Moderate to extremely severe levels of depression, anxiety and stress were reported by 57.4%, 51.0% and 31.4% of medical students, respectively. Based on the cut-off value of nine, 31.1% of the participants showed high levels of hopelessness. Hierarchical regression analysis identified four cognitive emotion regulation strategies as significant independent contributors to psychopathology above and beyond home confinement related variables. Self-blame positively predicted stress. Catastrophizing positively predicted anxiety and hopelessness. Refocusing on planning negatively predicted anxiety. Positive reappraisal negatively predicted hopelessness.

Practical implications

Cognitive emotion regulation strategies may constitute a valuable target of preventive and interventional measures to improve medical students’ mental health.

Originality/value

A unique feature of this study is the demonstration of the important role played by cognitive emotion regulation strategies in predicting anxiety, stress and hopelessness in medical students. In the context of mandatory home confinement, these cognitive strategies were significant predictors of psychopathology above and beyond home confinement related variables.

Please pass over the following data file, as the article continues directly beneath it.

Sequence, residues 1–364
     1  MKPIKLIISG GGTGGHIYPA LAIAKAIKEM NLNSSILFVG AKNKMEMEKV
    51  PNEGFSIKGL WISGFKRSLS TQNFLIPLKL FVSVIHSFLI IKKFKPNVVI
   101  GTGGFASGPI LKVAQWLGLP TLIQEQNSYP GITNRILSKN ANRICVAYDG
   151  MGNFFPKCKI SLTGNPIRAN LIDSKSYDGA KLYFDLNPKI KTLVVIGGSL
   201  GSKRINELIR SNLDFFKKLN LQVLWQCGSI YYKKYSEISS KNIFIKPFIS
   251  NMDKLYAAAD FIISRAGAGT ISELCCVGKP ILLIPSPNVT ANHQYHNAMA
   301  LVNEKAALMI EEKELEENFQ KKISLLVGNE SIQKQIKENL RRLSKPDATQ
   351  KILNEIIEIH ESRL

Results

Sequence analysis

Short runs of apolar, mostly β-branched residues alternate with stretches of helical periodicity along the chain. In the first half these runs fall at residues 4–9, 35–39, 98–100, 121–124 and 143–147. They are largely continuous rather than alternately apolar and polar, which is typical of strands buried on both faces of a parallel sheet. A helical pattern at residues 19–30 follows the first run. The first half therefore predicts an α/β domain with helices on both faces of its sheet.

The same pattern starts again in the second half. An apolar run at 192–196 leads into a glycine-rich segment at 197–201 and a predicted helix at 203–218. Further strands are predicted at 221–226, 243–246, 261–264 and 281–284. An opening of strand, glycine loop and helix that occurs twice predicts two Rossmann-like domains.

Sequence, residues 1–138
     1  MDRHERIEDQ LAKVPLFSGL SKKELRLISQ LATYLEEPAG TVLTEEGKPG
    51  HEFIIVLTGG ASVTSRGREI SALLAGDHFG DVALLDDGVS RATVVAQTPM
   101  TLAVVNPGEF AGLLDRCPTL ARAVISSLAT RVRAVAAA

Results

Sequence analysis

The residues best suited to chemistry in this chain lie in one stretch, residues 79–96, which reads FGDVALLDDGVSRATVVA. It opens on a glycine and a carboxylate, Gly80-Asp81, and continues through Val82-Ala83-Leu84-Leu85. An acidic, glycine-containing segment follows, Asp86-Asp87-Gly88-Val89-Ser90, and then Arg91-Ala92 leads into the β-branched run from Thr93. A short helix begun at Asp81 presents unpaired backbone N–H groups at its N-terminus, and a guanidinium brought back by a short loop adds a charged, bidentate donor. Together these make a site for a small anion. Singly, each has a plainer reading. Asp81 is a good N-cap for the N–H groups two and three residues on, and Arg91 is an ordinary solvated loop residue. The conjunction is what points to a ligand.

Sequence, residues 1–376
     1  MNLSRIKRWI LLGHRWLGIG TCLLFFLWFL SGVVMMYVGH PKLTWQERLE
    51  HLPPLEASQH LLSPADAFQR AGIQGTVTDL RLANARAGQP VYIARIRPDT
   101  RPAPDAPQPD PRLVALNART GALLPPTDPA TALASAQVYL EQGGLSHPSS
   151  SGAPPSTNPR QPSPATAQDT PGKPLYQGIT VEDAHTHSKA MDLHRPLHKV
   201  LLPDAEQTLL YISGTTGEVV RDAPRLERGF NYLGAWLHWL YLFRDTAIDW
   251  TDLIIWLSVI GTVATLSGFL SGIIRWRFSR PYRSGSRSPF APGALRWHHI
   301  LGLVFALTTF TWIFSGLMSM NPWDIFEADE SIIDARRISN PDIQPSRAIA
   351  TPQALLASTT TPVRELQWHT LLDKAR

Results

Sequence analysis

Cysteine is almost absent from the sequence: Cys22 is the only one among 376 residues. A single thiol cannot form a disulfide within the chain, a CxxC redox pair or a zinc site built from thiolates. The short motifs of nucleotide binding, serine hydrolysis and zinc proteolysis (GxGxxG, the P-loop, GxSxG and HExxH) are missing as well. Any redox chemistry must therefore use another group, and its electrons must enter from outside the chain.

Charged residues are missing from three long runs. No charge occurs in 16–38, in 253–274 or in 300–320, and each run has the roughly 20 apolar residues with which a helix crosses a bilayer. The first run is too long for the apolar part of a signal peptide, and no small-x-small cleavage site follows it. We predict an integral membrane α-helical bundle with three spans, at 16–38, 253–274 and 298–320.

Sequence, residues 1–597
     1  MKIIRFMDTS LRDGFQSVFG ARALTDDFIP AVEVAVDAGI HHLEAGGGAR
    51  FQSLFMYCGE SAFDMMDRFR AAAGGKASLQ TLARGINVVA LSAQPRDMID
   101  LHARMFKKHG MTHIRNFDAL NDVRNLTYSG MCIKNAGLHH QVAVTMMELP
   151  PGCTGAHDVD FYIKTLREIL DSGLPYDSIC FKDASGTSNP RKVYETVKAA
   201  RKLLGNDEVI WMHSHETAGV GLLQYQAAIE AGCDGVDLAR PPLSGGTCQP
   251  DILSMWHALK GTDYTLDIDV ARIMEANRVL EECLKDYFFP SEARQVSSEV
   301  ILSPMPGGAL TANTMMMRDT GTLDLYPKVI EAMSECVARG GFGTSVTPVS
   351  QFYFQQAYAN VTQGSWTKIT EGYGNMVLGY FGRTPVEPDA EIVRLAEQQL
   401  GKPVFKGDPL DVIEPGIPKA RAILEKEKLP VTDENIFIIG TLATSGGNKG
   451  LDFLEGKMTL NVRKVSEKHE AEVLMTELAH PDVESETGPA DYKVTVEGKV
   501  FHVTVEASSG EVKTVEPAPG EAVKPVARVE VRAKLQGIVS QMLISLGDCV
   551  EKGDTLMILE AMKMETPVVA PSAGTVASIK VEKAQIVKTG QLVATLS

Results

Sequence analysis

Details

The Journal of Mental Health Training, Education and Practice, vol. 16 no. 4
Type: Research Article
ISSN: 1755-6228

Keywords

Open Access
Article
Publication date: 24 February 2015

Gamal Sadek, Zack Cernovsky and Simon Chiu

Several studies reported high rates of psychiatric commorbidity among methadone patients. We examined the relationships of measures of psychopathology to outcomes of…

Abstract

Several studies reported high rates of psychiatric commorbidity among methadone patients. We examined the relationships of measures of psychopathology to outcomes of screening urine tests for cocaine, opiates, and benzodiazepines in a sample of 56 methadone patients. They also completed the Symptom Check List-90-Revised (SCL-90-R). The highest scales in the SCL-90-R profile of our patients were those indicating somatic discomfort, anger, phobic anxiety, paranoid ideation, and also obsessive-compulsive disorder symptoms (scores above the 39th per centile). The only significant correlations between urine tests and SCL-90-R psychopathology were those involving benzodiazepines: patients with urine tests positive for benzodiazepines had lower social self-confidence (r=0.48), were more obsessive-compulsive (r=0.44), reported a higher level of anger (r=0.41), of phobic tendencies (r=40), of anxiety (r=0.39), and of paranoid tendencies (r=0.38), and also reported more frequent psychotic symptoms (r=0.43).

Details

Mental Illness, vol. 7 no. 1
Type: Research Article
ISSN: 2036-7465

Keywords

Article
Publication date: 20 June 2016

Claire Parker, Ruth Marlow, Marc Kastner, Felix May, Oana Mitrofan, William Henley and Tamsin Ford

The purpose of this paper is to explore the association between children who are at risk of being or who have been excluded from school between the ages of 4 and 12 years…